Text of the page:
Coveney pledges new homes in Dublin for about €260,000
Minister insists Government’s new housing plan will not overheat property market
Simon Coveny at the launch of the Government’s housing action plan on Tuesday. Photograph Nick Bradshaw/The Irish Times
Minister for Housing Simon Coveney has said he expects new homes will be delivered in Dublin for a sale price of about €260,000 once measures announced in the housing strategy take effect.
This would represent a significant drop in the price of houses for new buyers.
Surveys have shown that the average cost of building a three bedroom semi-detached house in Dublin, including an 11 per cent profit margin, is currently €330,000.
Mr Coveney denied Government measures to assist first-time buyers would lead to price increases. He said the measures announced in the housing strategy on Tuesday would were also designed to increase the supply of housing, making it easier and cheaper for developers to build new housing estates.
“There is a gap here between what first time buyers can afford and what builders can build houses for,” Mr Coveney told The Irish Times politics podcast.
“We have to close that gap by doing two things. One, we need to reduce the cost of building a house . . . and secondly we need to increase the capacity of first-time buyers to be able put the finance together to buy a home.”
The Government would seek to achieve the latter through changes in the Budget, said, where a package for first-time buyers is widely expected.
“I think we will be able to find a way to get houses built in Dublin for €250,000-€260,000 - that type of price range,” he said. “We are only talking about giving first-time buyers the capacity to raise a mortgage more easily for new houses, at a certain price level. Whatever we do for first time buyers, it must drive supply as opposed to simply overheat demand.”
The Housing Strategy unveiled by the Government said that a couple earning the average industrial wage could not afford to rent or buy a house costing more than €250,000. However, research by the Society of Chartered Surveyors and others found “significant challenges” in delivering houses at prices below €300,000, the report found.
Mr Coveney on Tuesday unveiled the Government’s action plan for housing which aims to increase the number of homes built per year to 25,000 by 2021. It also aims to provide 47,000 social housing units in the same period, with funding for social housing increased to €5.35 billion from a previously announced €3.7 billion.
The Government is working on a so-called help-to-buy scheme for first time-buyers, which will be outlined by Minister for Finance Michael Noonan on budget day in October.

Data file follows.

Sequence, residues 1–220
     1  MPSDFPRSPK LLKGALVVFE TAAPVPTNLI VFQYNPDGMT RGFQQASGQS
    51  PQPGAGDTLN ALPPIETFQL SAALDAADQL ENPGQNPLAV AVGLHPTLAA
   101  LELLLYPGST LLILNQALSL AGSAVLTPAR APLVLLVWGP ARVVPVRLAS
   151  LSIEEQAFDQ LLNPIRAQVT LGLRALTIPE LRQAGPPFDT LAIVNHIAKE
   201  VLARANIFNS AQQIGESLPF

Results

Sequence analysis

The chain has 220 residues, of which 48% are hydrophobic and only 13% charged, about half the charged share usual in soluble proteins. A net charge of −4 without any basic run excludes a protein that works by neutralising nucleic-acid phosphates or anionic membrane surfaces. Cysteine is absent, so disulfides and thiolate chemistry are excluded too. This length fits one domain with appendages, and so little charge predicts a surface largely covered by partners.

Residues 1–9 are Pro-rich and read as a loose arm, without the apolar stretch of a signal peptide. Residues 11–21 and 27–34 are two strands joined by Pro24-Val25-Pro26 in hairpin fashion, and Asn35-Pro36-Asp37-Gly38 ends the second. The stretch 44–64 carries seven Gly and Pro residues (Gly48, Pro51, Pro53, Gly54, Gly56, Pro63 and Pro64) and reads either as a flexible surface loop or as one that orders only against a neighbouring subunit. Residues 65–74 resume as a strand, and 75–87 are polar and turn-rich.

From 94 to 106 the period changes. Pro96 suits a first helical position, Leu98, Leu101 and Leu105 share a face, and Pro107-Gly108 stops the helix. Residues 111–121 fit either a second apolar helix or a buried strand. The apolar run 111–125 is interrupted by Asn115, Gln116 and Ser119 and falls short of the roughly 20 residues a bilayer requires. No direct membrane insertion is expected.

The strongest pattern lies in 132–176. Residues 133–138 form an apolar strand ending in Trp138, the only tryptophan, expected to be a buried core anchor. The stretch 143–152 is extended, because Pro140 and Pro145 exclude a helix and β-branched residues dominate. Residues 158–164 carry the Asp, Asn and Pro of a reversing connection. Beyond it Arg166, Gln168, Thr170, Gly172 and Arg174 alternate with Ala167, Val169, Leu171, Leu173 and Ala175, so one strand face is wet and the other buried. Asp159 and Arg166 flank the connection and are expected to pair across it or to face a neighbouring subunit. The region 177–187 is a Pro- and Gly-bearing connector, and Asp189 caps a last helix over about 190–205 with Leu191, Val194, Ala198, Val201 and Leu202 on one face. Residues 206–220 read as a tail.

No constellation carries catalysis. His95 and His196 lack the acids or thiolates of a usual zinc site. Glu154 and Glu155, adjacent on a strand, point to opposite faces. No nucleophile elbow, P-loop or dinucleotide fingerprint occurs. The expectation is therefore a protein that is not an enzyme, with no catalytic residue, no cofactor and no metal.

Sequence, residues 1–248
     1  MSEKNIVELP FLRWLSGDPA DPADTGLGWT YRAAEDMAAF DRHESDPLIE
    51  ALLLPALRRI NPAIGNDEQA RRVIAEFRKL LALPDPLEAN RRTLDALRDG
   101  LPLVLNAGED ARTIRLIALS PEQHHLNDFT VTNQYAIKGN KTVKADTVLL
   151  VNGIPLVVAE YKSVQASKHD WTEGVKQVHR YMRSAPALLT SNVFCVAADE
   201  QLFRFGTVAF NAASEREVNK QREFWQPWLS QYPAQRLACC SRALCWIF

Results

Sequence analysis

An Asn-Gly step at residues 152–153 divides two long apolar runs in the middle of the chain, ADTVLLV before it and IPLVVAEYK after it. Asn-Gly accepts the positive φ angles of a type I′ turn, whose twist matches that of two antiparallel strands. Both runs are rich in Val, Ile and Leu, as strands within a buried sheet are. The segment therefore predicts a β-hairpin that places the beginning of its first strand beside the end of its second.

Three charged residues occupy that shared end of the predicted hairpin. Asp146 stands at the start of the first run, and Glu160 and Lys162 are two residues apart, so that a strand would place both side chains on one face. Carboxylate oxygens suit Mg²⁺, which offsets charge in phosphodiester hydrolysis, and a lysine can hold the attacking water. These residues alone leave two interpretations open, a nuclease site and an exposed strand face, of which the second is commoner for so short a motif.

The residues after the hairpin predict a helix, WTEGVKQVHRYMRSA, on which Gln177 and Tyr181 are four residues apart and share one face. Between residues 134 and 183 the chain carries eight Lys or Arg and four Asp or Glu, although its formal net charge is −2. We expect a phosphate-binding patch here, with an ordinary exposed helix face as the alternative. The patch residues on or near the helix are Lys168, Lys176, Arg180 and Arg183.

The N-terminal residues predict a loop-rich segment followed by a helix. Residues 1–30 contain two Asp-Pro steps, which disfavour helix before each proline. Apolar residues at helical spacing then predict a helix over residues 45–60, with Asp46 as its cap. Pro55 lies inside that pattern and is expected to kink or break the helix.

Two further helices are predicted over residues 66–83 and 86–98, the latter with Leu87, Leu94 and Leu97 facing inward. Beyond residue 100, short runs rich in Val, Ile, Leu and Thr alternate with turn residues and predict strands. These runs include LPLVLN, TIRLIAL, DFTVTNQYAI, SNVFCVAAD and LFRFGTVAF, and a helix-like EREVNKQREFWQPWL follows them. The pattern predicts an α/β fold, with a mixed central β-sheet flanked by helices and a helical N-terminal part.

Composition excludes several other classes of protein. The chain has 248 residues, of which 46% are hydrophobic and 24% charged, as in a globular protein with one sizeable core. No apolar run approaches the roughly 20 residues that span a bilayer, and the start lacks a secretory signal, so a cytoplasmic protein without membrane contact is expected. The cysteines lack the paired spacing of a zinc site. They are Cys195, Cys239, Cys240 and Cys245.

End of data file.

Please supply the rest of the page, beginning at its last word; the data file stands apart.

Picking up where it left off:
The scheme will provide first-time buyers with assistance in purchasing a home and will be tied in with incentives for developers to build new houses.
Mr Coveney confirmed that any measure for first-time buyers and developers would be backdated to Tuesday to ensure there was no adverse effect on the market.
Figures involved in preparing the action plan said the value of any package for first-time buyers must be about €10,000 per couple to have tangible impact.
“The Department of Finance is very cautious around introducing tax measures that might distort the market inappropriately, like happened in the past,” Mr Coveney added.
“Whether that is holiday homes or student accommodation or whatever. There is a recognition in the Department of Finance that at the moment first time buyers are simply locked out of the market.
“If you look at the Dublin market where most housing activity is at the moment, there are really no houses being built for less than €300,000.
“More than 50 per cent of the house buying market is first time buyers. At least two thirds of those have simply no chance of getting a mortgage for that amount of money.
“So two things are happening here. First of all, you have a lot of first time buyers who want to buy but can’t afford a mortgage, who can’t get a mortgage under the (Central Bank) rules, and, secondly, you have developers who want to build for first time buyers but who are not building for first time buyers because they know they can’t afford the houses they’re building.
“You have a supply that is stalled and you have a demand that wants to buy but can’t afford to buy. There is a gap here between what first time buyers can afford and what builders can actually build houses for and we have to close that gap by doing two things. One, we need to reduce the costs of building a house and, secondly, we need to increase the capacity for first time buyers to be able to put the finance together to be able to afford to buy a home.”
Speaking earlier on Inside Politics, economist Colm McCarthy as said Government assistance for first-time buyers would not address the issue of a shortage of housing and would only serve to increase house prices further.
Lorcan Sirr, a lecturer in housing with Dublin Institute of Technology and Professor Tony Fahey of University College Dublin agreed that the key pillar of the Government’s housing plan could cause house prices to increase further.